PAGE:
Digital Hate is an ongoing series by Burma Human Rights Network that will regularly publish information regarding the spread of hate speech inside of Burma and the risks of escalating tensions and violence that could occur as a result. Issues will be released as relevant topics emerge, rather than monthly, to ensure that the information contained in the issue is pertinent and current.
BHRN has tried best the nearest translation of the original Facebook post from Burmese to English and apology in advance if there is any shortcoming.
The information compiled in this report is based upon the monitoring of hundreds of social media accounts and thousands of posts. The information presented in this report highlights the most prominent figures among those posting hate speech on social media. The information compiled is from December of 2019 to February of 2020. The staff who compiled this information live inside of Burma and are native Burmese speakers. Any interviews conducted in relation to this report were done in Burmese by native Burmese speakers living inside of Burma.
This first issue of Digital Hate focuses on hate speech around the International Court of Justice’s ruling to allow provisional measures against Burma to protect the ethnic Rohingya while the court investigates Burma for genocide against them. Burma was ordered to submit a review on 23rd May of measures they’ve taken to demonstrate to the court that they have complied with the ruling. Burma Human Rights Network has documented several of Burma’s failings to do so since the order was issued and it appears possible Burma will not submit any documents demonstrating compliance.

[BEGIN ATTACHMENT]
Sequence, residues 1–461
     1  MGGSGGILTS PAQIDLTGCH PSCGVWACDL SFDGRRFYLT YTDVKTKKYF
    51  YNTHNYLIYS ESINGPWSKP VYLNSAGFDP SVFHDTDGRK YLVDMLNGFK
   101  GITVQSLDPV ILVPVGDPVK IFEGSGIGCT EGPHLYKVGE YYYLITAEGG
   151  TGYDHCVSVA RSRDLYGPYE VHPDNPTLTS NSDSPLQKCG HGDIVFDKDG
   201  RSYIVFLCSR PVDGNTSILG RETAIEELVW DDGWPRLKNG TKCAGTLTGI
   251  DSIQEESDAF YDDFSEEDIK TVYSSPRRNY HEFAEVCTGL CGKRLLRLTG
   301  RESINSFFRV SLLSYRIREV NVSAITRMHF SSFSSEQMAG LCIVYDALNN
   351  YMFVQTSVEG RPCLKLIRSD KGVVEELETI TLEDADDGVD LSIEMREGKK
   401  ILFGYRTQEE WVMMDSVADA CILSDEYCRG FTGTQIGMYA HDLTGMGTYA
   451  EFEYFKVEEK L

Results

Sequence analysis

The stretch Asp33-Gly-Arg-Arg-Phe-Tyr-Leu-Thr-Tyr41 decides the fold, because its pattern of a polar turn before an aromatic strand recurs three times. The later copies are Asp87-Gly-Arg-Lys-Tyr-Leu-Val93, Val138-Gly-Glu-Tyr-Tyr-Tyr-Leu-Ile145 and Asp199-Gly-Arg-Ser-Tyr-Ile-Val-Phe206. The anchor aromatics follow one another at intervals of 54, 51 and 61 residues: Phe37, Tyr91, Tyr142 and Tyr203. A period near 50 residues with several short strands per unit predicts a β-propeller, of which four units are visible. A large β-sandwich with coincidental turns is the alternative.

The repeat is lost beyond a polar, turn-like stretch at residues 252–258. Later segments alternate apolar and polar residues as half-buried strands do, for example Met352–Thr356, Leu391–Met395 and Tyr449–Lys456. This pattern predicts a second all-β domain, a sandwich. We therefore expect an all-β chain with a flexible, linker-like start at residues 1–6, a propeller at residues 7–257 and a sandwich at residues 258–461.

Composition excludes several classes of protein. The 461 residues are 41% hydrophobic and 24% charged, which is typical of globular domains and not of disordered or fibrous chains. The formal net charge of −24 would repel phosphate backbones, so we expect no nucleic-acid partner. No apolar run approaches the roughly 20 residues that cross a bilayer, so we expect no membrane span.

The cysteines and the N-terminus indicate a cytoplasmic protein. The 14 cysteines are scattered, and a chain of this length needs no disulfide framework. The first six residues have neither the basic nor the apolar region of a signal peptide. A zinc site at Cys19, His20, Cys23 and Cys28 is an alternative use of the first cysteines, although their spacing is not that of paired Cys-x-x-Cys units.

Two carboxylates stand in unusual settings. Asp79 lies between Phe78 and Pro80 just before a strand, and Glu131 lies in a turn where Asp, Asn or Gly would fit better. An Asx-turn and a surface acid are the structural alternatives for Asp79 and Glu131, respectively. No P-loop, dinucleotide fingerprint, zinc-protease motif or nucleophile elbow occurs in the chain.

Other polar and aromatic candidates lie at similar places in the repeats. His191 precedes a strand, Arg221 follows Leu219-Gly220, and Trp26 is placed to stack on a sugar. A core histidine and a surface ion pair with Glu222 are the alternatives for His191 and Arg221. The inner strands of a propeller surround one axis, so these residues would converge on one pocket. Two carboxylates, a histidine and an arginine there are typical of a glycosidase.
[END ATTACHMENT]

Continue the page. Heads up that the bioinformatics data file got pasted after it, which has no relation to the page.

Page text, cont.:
Since a lawsuit against Burma was submitted to the International Court of Justice (ICJ), there have been increased attacks against the case on several social media platforms, including Facebook and VK (A Russian based social media). Most of the comments in the social media posts about the issue suggest that the lawsuit was unjustly submitted to the ICJ through collusion between the court and the Organisation of Islamic Cooperation (OIC).
There have been several posts by pro-nationalists that appeared on Facebook and VK against the West African State of The Gambia which filed the lawsuit against Burma in the ICJ. The posts also criticised political activists and Civil Society Organisations (CSOs) which support the lawsuit, calling them traitors.
In an address to the nation on 18 December last year, the State Counsellor Daw Aung San Suu Kyi shared her experience of representing the country at the ICJ. She said the accusations made in the lawsuit by The Gambia were based on the report of the International Fact-finding Mission on Myanmar (FFM). She said Burma did not recognise the FFM from the time it was established by the United Nations Human Rights Council. She said, “If the people of Myanmar stand together with us it would be an invaluable strength for us”. This message amounts to advocating for public opposition to the case.